District Court Issues Show Cause Order to Determine Whether Tort Action Should Be Dismissed for Failure to Prosecute
Cherry Line, S.A. v. Muma Services f/k/a Murphy Marine Services, Inc.
, C.A. No. 03-199-JJF, 2006 U.S. Dist. Lexis 29818 (D. Del. May 8, 2006).
Defendant filed a motion for sanctions and for dismissal for failure to prosecute.
Plaintiff had filed a complaint on February 14, 2003, alleging that defendant had negligently harmed plaintiff's vessel while defendant was contracted to provide stevedoring services. Plaintiff failed to prosecute the action for two years, and the court ordered plaintiff to show cause why the action should not be dismissed for failure to prosecute on July 14, 2005. The plaintiff then filed a stipulated scheduling order, which the court entered, but subsequently failed to respond to any of defendant's discovery requests, despite its initial assurances that discovery responses were forthcoming. Defendant filed a motion to compel, which plaintiff did not answer, but instead requested an extension to the scheduling order. The court granted defendant's motion to compel, and ordered plaintiff to provide discovery responses within twenty days of the court's order. Plaintiff failed to comply with the order, and defendant moved to dismiss.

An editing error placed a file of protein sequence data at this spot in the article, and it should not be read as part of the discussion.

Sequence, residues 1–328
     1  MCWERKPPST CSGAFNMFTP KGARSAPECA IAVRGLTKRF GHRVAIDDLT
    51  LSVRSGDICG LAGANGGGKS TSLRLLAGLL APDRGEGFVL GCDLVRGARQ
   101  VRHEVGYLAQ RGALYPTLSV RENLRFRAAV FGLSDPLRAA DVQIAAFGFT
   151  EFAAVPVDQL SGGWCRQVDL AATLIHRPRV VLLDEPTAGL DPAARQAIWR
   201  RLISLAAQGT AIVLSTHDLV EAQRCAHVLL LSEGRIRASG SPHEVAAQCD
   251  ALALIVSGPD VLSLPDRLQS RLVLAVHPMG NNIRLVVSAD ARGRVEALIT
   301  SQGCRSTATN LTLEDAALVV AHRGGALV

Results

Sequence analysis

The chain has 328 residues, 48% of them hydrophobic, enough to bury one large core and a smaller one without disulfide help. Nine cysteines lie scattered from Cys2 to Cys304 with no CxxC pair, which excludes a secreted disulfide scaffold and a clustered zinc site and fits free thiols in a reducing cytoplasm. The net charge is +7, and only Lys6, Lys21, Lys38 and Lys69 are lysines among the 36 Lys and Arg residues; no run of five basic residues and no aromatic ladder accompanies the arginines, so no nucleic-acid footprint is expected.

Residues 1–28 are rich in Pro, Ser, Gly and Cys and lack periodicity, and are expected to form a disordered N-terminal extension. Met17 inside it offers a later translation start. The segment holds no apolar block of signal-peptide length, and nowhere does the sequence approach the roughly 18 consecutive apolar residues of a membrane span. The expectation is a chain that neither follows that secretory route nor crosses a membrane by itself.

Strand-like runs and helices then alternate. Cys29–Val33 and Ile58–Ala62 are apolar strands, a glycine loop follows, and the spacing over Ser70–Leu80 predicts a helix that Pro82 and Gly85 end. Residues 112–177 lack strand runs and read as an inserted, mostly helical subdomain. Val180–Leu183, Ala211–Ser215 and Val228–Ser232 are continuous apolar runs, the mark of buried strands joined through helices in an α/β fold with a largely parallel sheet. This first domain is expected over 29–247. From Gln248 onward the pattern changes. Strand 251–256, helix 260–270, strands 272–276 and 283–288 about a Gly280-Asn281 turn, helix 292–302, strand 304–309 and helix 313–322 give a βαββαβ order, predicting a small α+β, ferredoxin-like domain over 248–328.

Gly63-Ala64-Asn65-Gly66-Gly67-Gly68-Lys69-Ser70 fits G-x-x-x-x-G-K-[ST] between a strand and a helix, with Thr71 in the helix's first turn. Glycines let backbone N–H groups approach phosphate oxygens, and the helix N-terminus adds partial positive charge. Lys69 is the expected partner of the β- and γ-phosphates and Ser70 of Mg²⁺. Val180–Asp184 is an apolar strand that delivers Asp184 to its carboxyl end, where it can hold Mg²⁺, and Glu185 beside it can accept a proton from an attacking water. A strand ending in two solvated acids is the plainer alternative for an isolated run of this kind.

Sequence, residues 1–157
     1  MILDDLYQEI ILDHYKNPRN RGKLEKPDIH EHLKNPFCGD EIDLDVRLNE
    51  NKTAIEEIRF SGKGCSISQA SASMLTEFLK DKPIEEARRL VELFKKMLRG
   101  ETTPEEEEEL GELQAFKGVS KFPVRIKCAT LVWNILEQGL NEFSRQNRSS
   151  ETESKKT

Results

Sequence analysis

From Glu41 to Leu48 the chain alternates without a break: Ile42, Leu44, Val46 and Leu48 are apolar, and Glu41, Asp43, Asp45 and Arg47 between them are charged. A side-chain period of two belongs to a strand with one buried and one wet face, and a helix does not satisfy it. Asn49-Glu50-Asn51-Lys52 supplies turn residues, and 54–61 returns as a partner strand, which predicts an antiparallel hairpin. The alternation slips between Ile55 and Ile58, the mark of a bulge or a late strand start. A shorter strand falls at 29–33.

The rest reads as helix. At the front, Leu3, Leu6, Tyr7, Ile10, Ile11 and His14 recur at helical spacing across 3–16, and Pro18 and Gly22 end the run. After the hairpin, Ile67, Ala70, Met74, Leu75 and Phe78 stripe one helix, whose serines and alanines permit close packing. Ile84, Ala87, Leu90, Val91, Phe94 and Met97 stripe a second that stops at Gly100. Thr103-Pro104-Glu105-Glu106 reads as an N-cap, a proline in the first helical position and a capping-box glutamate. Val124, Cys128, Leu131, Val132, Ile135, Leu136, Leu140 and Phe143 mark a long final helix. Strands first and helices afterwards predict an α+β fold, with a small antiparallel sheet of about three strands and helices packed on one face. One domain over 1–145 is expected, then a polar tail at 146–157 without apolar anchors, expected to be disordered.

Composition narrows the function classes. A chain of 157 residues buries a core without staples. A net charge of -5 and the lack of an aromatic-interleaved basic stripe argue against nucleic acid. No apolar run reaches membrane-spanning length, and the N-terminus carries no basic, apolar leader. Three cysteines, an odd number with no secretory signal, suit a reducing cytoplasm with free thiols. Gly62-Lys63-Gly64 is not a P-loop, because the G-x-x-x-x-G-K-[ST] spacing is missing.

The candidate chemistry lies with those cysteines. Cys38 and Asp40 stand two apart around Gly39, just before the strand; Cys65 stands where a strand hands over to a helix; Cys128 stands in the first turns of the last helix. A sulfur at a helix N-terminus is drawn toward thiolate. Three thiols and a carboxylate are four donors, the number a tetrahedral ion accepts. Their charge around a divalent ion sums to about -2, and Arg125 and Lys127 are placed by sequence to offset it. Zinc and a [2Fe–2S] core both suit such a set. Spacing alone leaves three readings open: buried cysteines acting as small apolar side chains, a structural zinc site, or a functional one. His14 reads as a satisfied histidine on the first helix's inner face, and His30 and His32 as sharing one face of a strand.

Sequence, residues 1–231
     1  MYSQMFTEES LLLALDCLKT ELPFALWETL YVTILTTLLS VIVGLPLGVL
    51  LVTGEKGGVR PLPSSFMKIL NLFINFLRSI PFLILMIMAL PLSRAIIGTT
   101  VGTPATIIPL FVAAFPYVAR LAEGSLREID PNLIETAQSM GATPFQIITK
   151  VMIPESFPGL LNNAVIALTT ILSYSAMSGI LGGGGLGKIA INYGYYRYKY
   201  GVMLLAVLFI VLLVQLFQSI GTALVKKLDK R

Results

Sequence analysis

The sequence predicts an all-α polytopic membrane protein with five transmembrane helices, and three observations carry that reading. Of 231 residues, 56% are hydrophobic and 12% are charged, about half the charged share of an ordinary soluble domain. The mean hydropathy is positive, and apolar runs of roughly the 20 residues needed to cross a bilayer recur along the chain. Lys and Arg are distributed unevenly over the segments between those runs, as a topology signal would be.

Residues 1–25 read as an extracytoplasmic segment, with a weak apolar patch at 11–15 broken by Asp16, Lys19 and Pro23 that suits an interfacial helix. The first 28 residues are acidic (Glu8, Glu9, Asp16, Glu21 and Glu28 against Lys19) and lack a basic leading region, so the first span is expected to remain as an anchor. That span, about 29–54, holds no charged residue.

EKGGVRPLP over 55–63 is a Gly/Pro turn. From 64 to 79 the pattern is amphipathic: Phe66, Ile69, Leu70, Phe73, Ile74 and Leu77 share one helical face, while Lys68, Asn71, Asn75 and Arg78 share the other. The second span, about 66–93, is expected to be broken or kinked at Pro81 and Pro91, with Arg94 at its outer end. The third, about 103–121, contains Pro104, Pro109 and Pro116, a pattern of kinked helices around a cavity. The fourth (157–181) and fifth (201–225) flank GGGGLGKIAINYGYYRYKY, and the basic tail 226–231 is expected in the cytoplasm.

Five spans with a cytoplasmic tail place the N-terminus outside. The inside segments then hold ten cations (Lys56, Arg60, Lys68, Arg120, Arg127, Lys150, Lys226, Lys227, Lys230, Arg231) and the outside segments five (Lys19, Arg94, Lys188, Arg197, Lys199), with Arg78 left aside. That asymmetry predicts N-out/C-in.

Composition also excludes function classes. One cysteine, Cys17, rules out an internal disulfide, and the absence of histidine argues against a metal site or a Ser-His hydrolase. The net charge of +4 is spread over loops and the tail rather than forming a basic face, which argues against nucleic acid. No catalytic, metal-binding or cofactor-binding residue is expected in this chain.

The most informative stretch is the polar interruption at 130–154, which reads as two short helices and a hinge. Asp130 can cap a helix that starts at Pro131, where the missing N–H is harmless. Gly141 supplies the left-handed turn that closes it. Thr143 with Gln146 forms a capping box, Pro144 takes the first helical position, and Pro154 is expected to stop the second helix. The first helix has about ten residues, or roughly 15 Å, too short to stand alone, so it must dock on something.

The court observed that it had the discretion to dismiss a case for failure to obey the court's discovery orders under Fed. R. Civ. P. 37(b)(2)(C), and determined that plaintiff exhibited a "history of dilatoriness," including a failure to obey the court's order requiring it to respond to defendant's discovery requests. The court noted that, given plaintiff's failure to offer any substantive reasons for the delay in preoscuting the case, the court was left with no other conclusion than to assume that plaintiff had willfully failed to obey the court's orders and to prosecute the action. The court determined to permit plaintiff with a final opportunity to avoid dismissal with prejudice by explaining its delay, and issued a show cause order.